1.    They have a steady voice and breathing

Someone who is telling lies might unconsciously breathe more heavily than the normal person. Lying can make some people feel nervous, and this contributes to increase in heart rate and blood flow, which makes it difficult for them to breathe and speak in a steady voice.

However, if you find the candidates appearing for an interview are speaking with unchanging unwavering tonalities during the Q&A session, then it is a clear affirmation of the truths and facts stated during the interview.

What is your professional resolution for 2017? Is ‘moving up the leadership ladder’, ‘finding a new job’, or ‘switching career path’ included in the list? If you nod affirmatively to all of this, then stay alert!

The latest report compiled by ILO (International Labour Organization) suggests that global unemployment rate is expected to rise by 3.4 million in 2017. While this might come as saddening forecast, there remains greater opportunities for you to shine this year. But only if you pay attention to the current job market trends.

Despite ILO’s findings regards the rising global unemployment, in general we can see positive employment trends, such as pay rise, increase in number of job vacancies, as well as reduced job seekers in the talent pools.

While it is stated that the unemployment rate will rise modestly from 5.7 to 5.8 percent, in fact you do not need to be discouraged because there are still wide open opportunities for you. Moreover, if you hold a bachelor or higher degree, then you will have higher chances to land the job more quickly than others.

But before you dive into the street, it would be better if you learn what is hot in the professional world. Thus, you can equip yourself with the skills, knowledge, and attitude in accordance with the market demand. Here are 7 job market trends you should know in 2017:

  1.    Millennials will make up for most of the talent pool

By 2020, we will see an influx of Millennials entering the talent market. More Baby Boomers are entering retirement phase, leaving vacant job positions that need to be occupied by younger generations.

  1.    Gig economy is on the rise

Nowadays, more people are seeking flexibility in working. With advancements in technology, gig economy offers the privilege of managing your own working hours and workplace without having to be tied to a particular company.

If freelancing was often associated with an uncertain and gloomy future, now freelancing becomes one of the most profitable employment type. In the recent years, we have seen many platforms driving the gig economy, such as Uber and AirBnB. Not to mention the proliferation of businesses in need for skilled contingent workforce, driving the gig economy which is here to stay.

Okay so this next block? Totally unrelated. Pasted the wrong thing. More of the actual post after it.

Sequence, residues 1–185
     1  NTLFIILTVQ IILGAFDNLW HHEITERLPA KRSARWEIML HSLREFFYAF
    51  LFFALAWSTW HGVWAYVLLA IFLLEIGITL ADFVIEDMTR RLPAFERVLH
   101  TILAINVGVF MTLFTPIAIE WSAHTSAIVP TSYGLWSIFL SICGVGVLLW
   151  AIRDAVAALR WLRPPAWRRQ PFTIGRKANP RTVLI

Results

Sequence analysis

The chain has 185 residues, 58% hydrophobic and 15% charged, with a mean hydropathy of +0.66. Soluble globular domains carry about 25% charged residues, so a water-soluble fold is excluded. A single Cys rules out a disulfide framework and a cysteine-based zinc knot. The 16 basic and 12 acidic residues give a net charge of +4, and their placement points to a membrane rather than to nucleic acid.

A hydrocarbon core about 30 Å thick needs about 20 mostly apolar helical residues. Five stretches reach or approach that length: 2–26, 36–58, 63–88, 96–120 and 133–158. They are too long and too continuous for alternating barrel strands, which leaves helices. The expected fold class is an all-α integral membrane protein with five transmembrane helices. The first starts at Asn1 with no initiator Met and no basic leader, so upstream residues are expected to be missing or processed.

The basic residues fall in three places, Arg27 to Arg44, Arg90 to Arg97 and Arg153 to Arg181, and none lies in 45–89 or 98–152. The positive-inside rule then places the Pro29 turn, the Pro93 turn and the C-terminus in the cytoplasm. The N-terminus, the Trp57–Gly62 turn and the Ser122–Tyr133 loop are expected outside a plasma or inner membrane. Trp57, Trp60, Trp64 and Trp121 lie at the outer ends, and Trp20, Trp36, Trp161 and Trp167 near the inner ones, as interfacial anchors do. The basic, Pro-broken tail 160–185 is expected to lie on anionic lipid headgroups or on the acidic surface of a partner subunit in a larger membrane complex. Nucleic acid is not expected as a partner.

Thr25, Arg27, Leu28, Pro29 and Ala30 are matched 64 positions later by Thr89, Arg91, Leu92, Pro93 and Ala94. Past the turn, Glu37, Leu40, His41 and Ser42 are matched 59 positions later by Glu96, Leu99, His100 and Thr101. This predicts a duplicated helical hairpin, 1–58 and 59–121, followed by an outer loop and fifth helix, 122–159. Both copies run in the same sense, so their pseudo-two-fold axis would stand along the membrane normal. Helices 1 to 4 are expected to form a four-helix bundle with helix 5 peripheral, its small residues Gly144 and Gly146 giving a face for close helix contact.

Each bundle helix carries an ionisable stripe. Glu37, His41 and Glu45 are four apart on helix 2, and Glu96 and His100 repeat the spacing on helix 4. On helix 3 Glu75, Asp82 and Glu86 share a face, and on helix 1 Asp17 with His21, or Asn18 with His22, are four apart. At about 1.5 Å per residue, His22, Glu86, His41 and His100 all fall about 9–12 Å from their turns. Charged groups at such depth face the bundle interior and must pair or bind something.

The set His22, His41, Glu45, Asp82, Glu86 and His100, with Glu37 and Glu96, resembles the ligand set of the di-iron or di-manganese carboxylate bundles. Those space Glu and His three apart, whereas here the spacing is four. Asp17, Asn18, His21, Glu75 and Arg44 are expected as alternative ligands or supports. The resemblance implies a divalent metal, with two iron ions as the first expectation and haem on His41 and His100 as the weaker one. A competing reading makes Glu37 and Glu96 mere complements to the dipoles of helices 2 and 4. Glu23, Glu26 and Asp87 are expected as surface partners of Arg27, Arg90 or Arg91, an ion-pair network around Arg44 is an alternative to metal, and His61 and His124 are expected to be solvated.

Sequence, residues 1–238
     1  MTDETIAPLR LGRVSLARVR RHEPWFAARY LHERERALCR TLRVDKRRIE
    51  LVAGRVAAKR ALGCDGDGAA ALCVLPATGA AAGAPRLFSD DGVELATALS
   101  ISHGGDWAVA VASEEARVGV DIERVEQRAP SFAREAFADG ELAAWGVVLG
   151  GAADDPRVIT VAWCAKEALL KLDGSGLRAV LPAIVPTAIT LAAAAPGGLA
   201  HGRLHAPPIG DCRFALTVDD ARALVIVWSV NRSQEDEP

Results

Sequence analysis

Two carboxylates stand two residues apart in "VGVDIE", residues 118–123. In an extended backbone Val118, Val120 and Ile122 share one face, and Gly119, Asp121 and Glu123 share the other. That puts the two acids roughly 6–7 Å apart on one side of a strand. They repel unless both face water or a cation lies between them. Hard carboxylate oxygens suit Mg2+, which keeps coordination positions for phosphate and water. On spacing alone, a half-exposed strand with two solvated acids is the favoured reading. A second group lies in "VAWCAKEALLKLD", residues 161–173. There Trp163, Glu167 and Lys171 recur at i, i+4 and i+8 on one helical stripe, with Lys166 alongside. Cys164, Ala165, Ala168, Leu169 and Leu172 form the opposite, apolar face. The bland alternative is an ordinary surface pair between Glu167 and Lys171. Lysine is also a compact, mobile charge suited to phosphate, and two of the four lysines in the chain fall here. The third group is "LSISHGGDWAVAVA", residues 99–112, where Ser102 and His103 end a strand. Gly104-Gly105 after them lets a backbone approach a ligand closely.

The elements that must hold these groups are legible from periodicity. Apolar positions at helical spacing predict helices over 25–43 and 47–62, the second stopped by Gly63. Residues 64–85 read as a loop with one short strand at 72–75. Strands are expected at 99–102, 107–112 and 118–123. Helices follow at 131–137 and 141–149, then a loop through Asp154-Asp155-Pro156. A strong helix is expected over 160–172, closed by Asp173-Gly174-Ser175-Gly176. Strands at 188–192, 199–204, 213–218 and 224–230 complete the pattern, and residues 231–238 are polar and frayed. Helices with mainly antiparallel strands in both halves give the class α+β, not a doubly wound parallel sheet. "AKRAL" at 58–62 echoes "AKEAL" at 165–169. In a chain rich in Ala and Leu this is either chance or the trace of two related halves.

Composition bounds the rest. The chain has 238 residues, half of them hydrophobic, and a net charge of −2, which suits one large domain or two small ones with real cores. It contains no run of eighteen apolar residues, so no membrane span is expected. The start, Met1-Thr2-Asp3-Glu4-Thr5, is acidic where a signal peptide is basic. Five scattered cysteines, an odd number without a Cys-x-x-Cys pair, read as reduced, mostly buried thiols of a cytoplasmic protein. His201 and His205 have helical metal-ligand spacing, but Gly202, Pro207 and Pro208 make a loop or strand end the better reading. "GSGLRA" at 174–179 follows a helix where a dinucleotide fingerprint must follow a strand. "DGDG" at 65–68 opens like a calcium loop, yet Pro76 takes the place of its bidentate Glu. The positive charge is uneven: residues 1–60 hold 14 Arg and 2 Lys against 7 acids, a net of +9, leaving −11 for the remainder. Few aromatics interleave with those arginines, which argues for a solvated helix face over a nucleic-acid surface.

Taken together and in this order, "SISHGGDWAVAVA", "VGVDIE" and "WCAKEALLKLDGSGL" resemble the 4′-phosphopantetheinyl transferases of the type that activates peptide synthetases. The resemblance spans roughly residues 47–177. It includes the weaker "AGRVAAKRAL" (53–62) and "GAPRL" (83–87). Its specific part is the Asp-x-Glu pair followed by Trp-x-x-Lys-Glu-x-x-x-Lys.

1.    HR will focus on data-driven recruitment

Data science will transform how HR recruitment and hiring decision making process. Not only will this data help optimise the process, it will also help recruiters fetch better and more qualified candidates, through streamlined methods and practices.

  1.    Automation will change the work landscape

Along with continuous invention of new technologies, the world will undergo a phenomenal change in the automation culture. On one hand, the use of automation and machines in the business is proven to be highly profitable and effective, because it can improve efficiency and reduce the impact of human error.

If you do not want to lose your job and be replaced by a robot, then the key lies in continuous training and development to hone your skills and abilities, such that you can adapt to the changing landscape.

  1.    Tech jobs are in high demand

Do you hold a degree in computer science or information technology? Then, this year is going to be a great year for you. Tech skills are on high demand, considering how digital transformation has sparked change throughout the world. Especially if you possess skills in software engineering and data analytics, then there will be copious job openings for you.

  1.    Closing the gender pay disparities

With increasing demand for more transparent approach to employee compensation and benefits, it is predicted that 2017 will see more employers taking actions to close the gender pay gap. With the issue been debated for long, it is time business leaders take proactive steps to build better employer brands.

  1.    Return to traditional benefits package

Unless you plan to work for startups, most corporates will return to traditional benefits package rather than flashy perks. Rather than offering game pods, yoga class after work, and free lunch vouchers, employers will be more in favor of healthcare investment and pension plans.